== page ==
Paul Dibble Life Acknowledgement

While Paul is no longer with us, he will always remain in the fabric of our place, and our hearts. Moe mai rā e te Rangatira, rest in peace e hoa.

Paul Dibble with wife Fran, pictured next to The Quest for Immortality (2023) a centrepiece of Paul’s final exhibition at Te Manawa, which he was sadly unable to attend.

It is with great sadness that Te Manawa acknowledges the passing of Paul Dibble. An artist with an unwavering vision and commitment to bronze, Dibble was one of Aotearoa New Zealand’s most highly regarded sculptors. His striking works pepper the landscape of Papaioea like markers of the place he called home, depicting symbols like the huia, the kōwhai and the tuatara, which he used to express his ideas about what it meant to belong.

Dibble has had a long association with Te Manawa and we are proud to hold nine of his significant sculptures in our collection. His first large scale public sculpture Pacific Monarch, commissioned by the Te Manawa Art Society, was completed in 1992 and sits outside the front of our art gallery. This work exemplifies the artist’s interest in creating bronze that represented New Zealanders, from early navigators of Te Moana Nui ā Kiwa (the Pacific) to the waves of migrants that came after. The details in this work, from the little bird sitting on her leaf crown to the barnacles on her thigh, reflect the artist’s well-honed processes that make his works feel as if they are laden with texture and life.

A graduate of the Elam School of Fine Arts in 1967, in his 60-year career Dibble has had countless exhibitions in New Zealand and overseas, and his work can be found in collections including Te Papa, The Christchurch Art Gallery, The Dowse, Massey University and Saatchi and Saatchi. In 2004 he was awarded an NZOM for Services to the Arts, and in 2007 he received an honorary doctorate in Visual Arts from Massey University. In 2012, he was made an Honorary Fellow of the Universal College of Learning in Palmerston North.  His most well-known international public sculpture, Southern Stand, the New Zealand Memorial made for Hyde Park Corner in London, was unveiled in 2006 by Her Majesty Queen Elizabeth II.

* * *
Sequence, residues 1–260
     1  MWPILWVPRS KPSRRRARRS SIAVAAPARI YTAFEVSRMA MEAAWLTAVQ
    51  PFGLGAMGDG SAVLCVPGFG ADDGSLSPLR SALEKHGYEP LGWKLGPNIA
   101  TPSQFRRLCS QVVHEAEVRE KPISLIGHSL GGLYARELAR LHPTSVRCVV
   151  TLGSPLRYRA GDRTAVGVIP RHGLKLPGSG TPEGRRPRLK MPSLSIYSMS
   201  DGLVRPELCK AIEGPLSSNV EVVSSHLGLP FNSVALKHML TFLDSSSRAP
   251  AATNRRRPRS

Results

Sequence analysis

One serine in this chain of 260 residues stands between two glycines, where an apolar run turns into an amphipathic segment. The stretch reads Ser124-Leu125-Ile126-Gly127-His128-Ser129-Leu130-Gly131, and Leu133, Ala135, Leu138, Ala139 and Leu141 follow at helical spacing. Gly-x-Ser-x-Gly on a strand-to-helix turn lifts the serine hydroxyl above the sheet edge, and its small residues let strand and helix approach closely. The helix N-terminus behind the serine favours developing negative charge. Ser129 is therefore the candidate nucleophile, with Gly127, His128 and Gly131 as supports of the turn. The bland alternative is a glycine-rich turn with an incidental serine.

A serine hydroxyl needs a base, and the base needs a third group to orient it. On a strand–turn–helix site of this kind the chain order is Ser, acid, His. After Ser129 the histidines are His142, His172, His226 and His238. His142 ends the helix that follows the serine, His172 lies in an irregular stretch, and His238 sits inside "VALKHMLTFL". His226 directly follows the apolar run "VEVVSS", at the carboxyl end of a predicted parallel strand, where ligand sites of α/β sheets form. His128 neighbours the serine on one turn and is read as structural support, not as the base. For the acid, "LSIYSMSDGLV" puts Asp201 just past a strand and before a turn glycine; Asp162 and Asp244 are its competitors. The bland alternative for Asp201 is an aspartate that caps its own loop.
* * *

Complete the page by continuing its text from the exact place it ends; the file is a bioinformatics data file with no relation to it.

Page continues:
Over and above his prolific career, generosity, and services to the arts as a teacher, maker and innovator, Paul Dibble was a dedicated husband, father and grandfather. He is survived by his wife Fran, his children Ben, Renae, Daniel, and Phoebe and his four grandchildren. He ran his practice and studio alongside Fran, who has also written several books about the artist. Their partnership enabled them to build their life around making meaning and beauty through their art. Fran and the Dibble’s representative and close friend Bronwyn Zimmerman co-curated the exhibition Paul Dibble: Continuum, currently on show at Te Manawa until 10 March 2024.

While Paul is no longer with us, he will always remain in the fabric of our place, and our hearts. Moe mai rā e te Rangatira, rest in peace e hoa.

Sculptor Paul Dibble and Mayor, Rieger cut a celebration cake outside

Sculptor Paul Dibble and (then) Mayor of Palmerston North Paul Rieger cut a cake during the installation of Pacific Monarch (right) in 1995 – a landmark at the entrance to the Art Gallery.